Hirst began his collection in the late 1980s by exchanging his own works with those of his contemporaries and artist friends. It has grown to include works by many international artists of earlier generations: not only postwar masters like Bacon and Giacometti, but also pivotal figures in the history of 20th century art, such as Richard Hamilton, Mario Merz, Bruce Nauman, Richard Prince and Kurt Schwitters. Two themes recur frequently in this selection – memento mori and the animal kingdom – and together they are capable of communicating the spirit of the entire collection, combining masterpieces of contemporary art with fascinating specimens from the natural world.
An independent curator, author, and art advisor, Geuna has contributed a perceptive essay on the scope and nature of this collection as well as a penetrating interview with Damien Hirst. Another essay by Mario Codognato (writer, and curator at Blain|Southern) explores Hirst’s dual role as artist/collector, and analyses his considerable influence, both on his contemporaries and on younger artists whose work is still developing. Accompanying stunning colour plates of all the works in the exhibition, there are also brief biographies of the artists involved.
Elena Geuna is an independent curator, author, and art advisor. Mario Codognato is a writer, and curator at Blain|Southern.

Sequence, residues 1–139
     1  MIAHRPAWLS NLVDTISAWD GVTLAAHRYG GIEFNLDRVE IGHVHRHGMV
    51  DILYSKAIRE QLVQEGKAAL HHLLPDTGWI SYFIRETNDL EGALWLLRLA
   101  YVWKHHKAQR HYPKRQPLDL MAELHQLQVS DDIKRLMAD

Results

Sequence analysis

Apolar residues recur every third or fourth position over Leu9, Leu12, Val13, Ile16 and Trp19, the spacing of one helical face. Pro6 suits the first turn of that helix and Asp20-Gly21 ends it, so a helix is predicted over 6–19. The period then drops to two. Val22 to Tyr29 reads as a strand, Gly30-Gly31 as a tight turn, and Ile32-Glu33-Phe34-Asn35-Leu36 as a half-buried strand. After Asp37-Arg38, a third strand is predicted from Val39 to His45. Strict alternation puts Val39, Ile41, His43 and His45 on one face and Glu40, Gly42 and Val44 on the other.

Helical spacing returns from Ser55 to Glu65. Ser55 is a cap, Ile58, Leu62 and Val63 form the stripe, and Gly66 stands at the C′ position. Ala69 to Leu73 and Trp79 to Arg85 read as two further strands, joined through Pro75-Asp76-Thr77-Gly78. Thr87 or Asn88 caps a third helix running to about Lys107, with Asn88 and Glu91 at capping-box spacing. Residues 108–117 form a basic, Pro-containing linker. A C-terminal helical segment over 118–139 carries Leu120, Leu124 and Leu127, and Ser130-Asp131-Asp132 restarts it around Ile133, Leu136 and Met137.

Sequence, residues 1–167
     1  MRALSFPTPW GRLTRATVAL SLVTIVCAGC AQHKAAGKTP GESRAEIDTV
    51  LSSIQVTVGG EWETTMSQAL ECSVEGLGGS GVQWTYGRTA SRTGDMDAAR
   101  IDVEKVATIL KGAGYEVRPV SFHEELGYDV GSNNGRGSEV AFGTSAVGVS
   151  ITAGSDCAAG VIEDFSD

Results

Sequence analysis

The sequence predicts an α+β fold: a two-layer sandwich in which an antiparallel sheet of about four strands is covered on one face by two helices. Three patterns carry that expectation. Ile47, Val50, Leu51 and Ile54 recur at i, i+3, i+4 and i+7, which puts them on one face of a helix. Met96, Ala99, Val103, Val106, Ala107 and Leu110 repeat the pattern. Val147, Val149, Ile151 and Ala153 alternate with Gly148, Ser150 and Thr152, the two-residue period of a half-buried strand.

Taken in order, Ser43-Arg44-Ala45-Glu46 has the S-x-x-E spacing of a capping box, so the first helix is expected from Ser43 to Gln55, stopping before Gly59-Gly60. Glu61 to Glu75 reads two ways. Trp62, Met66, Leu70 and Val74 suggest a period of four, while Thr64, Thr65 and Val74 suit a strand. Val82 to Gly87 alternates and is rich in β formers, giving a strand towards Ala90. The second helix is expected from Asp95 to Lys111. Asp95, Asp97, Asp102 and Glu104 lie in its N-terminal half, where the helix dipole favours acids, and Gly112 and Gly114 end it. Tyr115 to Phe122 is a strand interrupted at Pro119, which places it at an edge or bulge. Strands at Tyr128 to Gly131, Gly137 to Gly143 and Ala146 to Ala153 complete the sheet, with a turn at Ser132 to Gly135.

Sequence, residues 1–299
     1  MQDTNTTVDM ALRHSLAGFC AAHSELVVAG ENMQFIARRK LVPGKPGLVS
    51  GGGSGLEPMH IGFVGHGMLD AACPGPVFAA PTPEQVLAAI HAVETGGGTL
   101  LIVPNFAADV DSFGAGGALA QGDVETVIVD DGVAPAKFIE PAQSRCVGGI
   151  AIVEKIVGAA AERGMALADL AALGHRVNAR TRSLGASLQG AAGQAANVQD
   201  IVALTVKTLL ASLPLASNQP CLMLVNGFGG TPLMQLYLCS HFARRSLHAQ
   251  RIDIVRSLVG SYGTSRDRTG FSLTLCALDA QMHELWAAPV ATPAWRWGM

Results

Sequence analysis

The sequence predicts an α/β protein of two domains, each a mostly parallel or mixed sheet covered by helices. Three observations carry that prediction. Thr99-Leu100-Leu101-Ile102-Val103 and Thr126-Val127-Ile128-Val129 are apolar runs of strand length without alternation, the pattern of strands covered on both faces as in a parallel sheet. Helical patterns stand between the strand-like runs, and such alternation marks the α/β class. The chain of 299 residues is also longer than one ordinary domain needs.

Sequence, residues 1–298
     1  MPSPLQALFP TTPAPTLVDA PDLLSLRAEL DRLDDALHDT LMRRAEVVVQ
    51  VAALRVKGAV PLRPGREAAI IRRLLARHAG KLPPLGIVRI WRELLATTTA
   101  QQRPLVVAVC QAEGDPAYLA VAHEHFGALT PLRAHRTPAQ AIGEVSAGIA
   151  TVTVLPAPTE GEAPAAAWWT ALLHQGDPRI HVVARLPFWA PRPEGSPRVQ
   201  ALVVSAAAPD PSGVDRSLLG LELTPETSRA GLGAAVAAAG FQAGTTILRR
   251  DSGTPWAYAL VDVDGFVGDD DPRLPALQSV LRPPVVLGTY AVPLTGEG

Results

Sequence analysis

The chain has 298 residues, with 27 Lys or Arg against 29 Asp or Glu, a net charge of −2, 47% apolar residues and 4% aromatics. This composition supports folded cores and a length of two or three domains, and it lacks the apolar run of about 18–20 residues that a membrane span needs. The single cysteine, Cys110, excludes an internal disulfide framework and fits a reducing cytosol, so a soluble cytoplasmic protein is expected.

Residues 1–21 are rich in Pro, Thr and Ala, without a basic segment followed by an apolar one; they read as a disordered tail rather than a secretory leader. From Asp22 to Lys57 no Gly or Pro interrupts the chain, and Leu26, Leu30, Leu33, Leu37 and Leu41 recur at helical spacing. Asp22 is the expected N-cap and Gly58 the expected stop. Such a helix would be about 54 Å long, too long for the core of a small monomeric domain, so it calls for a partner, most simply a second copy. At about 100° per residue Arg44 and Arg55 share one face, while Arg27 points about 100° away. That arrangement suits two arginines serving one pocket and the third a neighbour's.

Freedom not Genius – Works from Damien Hirst’s Murderme Collection, accompanies the exhibition at the Pinacoteca Giovanni e Marella Agnelli in Turin, Italy, which presents selected works from Hirst’s art collection, curated by Elena Guena. The exhibition is from 10th November 2013 until 10th March 2013. There are 51 artists in the exhibition: Frank Auerbach, Francis Bacon, David Bailey, Banksy, John Bellany, Nick Bibby, Ashley Bickerton, Peter Blake, Don Brown, Mat Collishaw, John Currin, Tracey Emin, Faile, Angus Fairhurst, Abigail Fallis, Paul Fryer, Alberto Giacometti, Steven Gregory, Richard Hamilton, Marcus Harvey, Rachel Howard, John Hoyland, Gary Hume, Paul Insect, John Isaacs, Michael Joo, Jonathan Kingdom, Jeff Koons, Jim Lambie, Sean Landers, Hyungkoo Lee, Sherrie Levine, Colin Lowe, Sarah Lucas, Mario Merz, Rodrigo Moynihan, Vik Muniz, Takashi Murakami, Bruce Nauman, Olly and Suzi, Gabriel Orozco, Pablo Picasso, Walter Potter, Richard Prince, Kurt Schwitters, Haim Steinbach, Fred Tomaselli, Keith Tyson, Andy Warhol, Rachel Whiteread, Cerith Wyn Evans.
Damien Hirst was born in Bristol in 1965. He first came to public attention in 1988 when he conceived and curated ‘Freeze’, an exhibition of his own work and that of his contemporaries at Goldsmiths college, staged in a disused London warehouse. Since this time Hirst has become widely recognised as one of the most influential artists of his generation.
Through a varied practise of installation, sculpture, painting and drawing Hirst has sought to explore the complex relationship between art, life and death. Alongside over 80 solo exhibitions he has worked on numerous curatorial projects. In 2008, Hirst took the unprecedented step of bypassing gallery involvement in selling 244 new works at a Sotheby’s, London auction entitled ‘Beautiful Inside My Head Forever’.
Hirst was awarded the Turner Prize in 1995 and his contribution to British art over the last two and a half decades has been acknowledged in a major solo retrospective exhibited at Tate Modern, London. He lives in Devon and has studios in Gloucester and London.
Text © Damien Hirst & Science Ltd., All rights reserved, 2012